The Dresden Files


In 2007, the SciFi channel premiered The Dresden Files TV series as an adaptation of author Jim Butcher's first book in his Dresden Files series, called Storm Front. The purpose of this page is to first show the reasons for its failure and show further adaptations of the source material.

The Concept


The Dresden Files are urban fantasy stories set is present day Chicago. Protagonist, Harry Blackstone Copperfield Dresden, solves mysteries and crime by offering his services as a private investigator who is also a wizard. Frequently, he works with the Chicago Police Department's Special Investigations unit, especially when the cases are too strange to explain.
In the world of Harry Dresden, human are not the only sentient beings, although, most are oblivious to the fact. There are other witches and wizards, as well as werewolves and vampires, cohabit the realm we see. Below the surface lies the Nevernever, where scarier creatures roam, and, in surprising places, portals lead not only directly to other geographic locations on Earth, but also into the dimension of faerie.

The TV Series



DF_TV_ad_image.jpg
To see the trailer, click here.
Like most television adaptations, the producers of The Dresden Files intended to cover the content of a full novel each season. This one did not make it past one season. While there is no official reason for its cancellation, there are several factors that may have contributed to the shows failure.
The fact that SciFi hosted the show hurt it. All science fiction and fantasy fans know that "SciFi original" equates to a B rating. Regardless of how well the production of The Dresden Files turned out, they could not completely shake the stigma.
Serious fans of the books were not pleased with the lack of consistency between what they read and what they saw. Although the spirit of the narrative remained, characters, setting and story line were altered. Here's a look at the differences.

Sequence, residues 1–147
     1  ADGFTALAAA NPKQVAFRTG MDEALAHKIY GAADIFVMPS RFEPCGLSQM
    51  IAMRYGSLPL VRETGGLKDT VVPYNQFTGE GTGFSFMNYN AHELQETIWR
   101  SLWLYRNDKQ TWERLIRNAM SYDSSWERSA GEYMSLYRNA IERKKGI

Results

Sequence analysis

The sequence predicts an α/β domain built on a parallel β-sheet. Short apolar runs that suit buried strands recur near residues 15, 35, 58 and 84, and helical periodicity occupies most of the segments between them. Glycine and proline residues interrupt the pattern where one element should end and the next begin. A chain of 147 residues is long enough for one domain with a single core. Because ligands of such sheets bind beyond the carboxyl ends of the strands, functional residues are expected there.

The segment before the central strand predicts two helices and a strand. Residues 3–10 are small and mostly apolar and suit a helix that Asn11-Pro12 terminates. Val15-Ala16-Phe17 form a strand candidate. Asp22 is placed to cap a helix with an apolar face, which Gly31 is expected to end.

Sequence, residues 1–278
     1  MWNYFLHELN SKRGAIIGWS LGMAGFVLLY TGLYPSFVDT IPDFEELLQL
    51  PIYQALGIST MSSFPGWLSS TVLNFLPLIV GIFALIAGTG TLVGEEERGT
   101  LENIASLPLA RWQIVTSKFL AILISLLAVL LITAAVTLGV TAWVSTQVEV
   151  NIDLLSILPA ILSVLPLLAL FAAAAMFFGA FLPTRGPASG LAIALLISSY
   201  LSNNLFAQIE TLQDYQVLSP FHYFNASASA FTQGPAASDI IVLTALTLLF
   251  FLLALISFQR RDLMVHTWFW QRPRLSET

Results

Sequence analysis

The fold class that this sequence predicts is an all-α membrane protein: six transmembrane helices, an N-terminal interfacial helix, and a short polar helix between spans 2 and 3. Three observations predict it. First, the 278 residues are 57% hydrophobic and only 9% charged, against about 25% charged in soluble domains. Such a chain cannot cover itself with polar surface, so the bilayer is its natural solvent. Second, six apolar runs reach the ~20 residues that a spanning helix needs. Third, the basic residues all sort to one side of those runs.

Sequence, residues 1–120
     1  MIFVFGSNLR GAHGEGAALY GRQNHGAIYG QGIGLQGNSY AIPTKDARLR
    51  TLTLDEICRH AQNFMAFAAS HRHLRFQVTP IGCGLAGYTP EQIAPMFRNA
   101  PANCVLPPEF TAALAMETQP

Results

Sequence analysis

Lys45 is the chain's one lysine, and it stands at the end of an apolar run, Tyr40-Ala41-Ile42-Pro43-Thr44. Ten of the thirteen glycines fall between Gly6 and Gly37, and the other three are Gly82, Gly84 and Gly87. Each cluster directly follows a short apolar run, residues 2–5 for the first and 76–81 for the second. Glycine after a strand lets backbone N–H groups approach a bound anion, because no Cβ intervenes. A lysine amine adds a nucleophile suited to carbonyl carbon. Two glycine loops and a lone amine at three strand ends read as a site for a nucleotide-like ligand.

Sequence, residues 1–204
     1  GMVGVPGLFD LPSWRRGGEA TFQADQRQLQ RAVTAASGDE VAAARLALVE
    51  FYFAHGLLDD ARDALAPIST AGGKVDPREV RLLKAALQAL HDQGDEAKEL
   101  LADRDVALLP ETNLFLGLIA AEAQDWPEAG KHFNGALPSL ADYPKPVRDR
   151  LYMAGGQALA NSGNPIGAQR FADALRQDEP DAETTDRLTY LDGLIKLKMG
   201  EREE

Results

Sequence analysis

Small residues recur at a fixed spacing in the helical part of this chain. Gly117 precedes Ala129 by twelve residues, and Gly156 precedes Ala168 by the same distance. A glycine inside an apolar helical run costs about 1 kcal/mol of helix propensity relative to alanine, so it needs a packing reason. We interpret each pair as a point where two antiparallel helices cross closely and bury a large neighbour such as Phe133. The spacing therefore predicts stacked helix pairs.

Setting
  • Harry's Office: a single room on the 5th floor of a 12-story midtown Chicago office building vs. a multi-room combined home and office. The problem breaks the Dresden world rule of thresholds -- things can cross those of a public office where they can't in that of a private home. His lab is below his apartment through a trap and he doesn't let people know it's there.
  • Harry's Home: a daylight basement tiny one-bedroom apartment with a subbasement cellar through a trap door in the floor vs. the same combined home office noted. Harry doesn't have many place to hide and always does his magic work in the subbasement. His home is heavily warded against things that cannot cross his threshold.

Characters
  • Harry: towers over people at around six-foot-seven, wears a duster, drives a VW beetle, and uses a rune-covered staff, a blasting rod, a sword cane, and a Smith and Wesson .38 Chief's Special vs. not that tall, wearing a leather jacket, driving a Jeep, and using a rune-covered hockey stick and a drum stick. Who struts around with a hockey stick or a drum stick? Harry is supposed to stand out, but not for stupid reasons.
  • Karrin Murphy: petite with Shirley Temple blonde curls and blue eyes vs. a wavy brunette by the name of Connie Murphy. This part was actually acted very well despite the hair color. The name change came about due to a real Caryn Murphy working in the Chicago PD. Her sidekick, however, (Ron Carmichael in the book) was completely changed for the show.
  • Bob: a spirit of air (sort of like a faery) that lives in a skull and manifests as an orb of light vs. a ghost that lives in his mortal skull and manifests as a man. They are not the same and there could have been bigger problems because of it later in the series.
Episode OrderThe episodes were filmed in a certain order to present the overall story, beginning with a 2-hour pilot called Storm Front the followed a similar story line to the book. For unkown reasons, the pilot was chopped down to 1-hour and not shown until the eighth episode. Here are the episodes and the order they should have been watched for continuity.